Dataforth has just published Application Note 129, Harmonics and Utility Costs. The objective of the 10-page document is to show how different types of harmonics in a customer’s facility affect utility-measured quantities and costs.
In today’s age of electronics, most modern electrical equipment has embedded microprocessors and electronic circuitry to increase functionality and efficiency; this type of equipment generally represents a nonlinear load resulting in non-sinusoidal line currents, which are rich in harmonics. In addition, modern LED lighting generates line current harmonics, while nonlinearities of magnetic fields in transformers and rotating air gaps create some harmonics as well.
The Application Note begins with a review of some common terms and equations used by utility power companies. The “Power Triangle” is then introduced, illustrating the relationship between the quantities KW (Real Power), KVA (Apparent Power), KVAR (Reactive Power), and PF (Power Factor) found in AC sinusoidal power distribution systems. Power Triangle equations follow, providing insight into the behavior of the Power Triangle model of energy consuming loads. This is followed by a discussion of utility billing – which is different for residential customers and commercial/industrial facilities – and the effects of harmonics created by nonlinear loads.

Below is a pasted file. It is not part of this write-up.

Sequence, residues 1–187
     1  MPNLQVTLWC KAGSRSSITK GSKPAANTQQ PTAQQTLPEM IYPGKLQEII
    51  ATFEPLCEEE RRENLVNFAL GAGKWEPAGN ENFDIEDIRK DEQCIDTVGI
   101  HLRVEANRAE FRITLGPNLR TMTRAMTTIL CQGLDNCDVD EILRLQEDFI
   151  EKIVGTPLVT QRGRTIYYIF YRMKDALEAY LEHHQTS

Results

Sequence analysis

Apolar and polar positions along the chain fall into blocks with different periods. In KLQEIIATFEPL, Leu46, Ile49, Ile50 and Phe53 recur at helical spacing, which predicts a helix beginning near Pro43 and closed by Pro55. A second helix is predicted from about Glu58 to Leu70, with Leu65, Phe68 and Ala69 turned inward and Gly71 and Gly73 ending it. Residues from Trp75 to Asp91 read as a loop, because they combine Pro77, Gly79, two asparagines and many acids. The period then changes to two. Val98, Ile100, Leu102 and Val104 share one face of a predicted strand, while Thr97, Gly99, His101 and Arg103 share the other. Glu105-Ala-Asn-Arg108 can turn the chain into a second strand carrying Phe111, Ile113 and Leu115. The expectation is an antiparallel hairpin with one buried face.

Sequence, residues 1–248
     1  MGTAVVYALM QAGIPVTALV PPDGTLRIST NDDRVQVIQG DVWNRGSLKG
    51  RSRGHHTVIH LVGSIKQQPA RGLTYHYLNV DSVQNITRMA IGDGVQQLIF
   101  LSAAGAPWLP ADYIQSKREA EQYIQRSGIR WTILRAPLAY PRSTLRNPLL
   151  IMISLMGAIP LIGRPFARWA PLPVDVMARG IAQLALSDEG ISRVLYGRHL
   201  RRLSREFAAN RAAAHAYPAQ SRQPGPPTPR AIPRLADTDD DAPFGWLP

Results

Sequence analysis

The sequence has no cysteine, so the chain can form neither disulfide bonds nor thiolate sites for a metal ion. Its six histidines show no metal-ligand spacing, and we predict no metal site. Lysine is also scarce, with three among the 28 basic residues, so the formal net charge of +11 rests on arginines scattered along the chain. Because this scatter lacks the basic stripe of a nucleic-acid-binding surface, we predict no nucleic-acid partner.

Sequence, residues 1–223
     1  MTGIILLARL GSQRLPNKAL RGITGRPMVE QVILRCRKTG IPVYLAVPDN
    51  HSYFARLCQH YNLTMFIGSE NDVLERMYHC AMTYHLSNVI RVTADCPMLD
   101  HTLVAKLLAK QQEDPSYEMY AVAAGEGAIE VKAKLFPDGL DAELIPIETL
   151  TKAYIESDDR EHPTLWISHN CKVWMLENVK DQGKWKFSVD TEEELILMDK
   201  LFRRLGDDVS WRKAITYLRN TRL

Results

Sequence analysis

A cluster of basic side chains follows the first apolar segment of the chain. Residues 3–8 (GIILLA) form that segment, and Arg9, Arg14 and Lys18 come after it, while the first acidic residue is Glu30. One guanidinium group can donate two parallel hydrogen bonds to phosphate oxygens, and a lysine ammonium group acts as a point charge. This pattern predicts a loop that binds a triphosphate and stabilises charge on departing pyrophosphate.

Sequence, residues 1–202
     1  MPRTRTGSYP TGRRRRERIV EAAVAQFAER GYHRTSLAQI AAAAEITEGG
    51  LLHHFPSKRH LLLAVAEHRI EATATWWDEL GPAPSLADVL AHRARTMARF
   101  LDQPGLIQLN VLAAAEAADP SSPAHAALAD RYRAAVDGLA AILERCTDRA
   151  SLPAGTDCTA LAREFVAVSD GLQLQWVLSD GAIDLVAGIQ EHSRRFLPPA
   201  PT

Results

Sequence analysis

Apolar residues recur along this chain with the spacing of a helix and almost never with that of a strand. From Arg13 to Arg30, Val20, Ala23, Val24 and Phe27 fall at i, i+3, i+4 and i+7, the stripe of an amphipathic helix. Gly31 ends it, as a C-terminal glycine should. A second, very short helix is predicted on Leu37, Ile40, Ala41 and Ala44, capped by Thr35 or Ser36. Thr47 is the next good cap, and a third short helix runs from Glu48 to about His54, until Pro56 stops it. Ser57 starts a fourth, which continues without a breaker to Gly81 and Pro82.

The conclusion leaves readers with a list of questions that electrical energy users might want to consider, such as: Do I have harmonics in my system? For exactly what quantities am I charged? How does my utility company measure billing items? How does my utility company handle harmonics?
Four appendices provide additional in-depth information. Find more details at http://www.dataforth.com/catalog/pdf/an129_Harmonics_and_Utility_Costs.pdf
AN129 Harmonics and Utility Costs joins the Dataforth library of Application Notes; the full list of offerings is available at www.dataforth.com/application-notes.aspx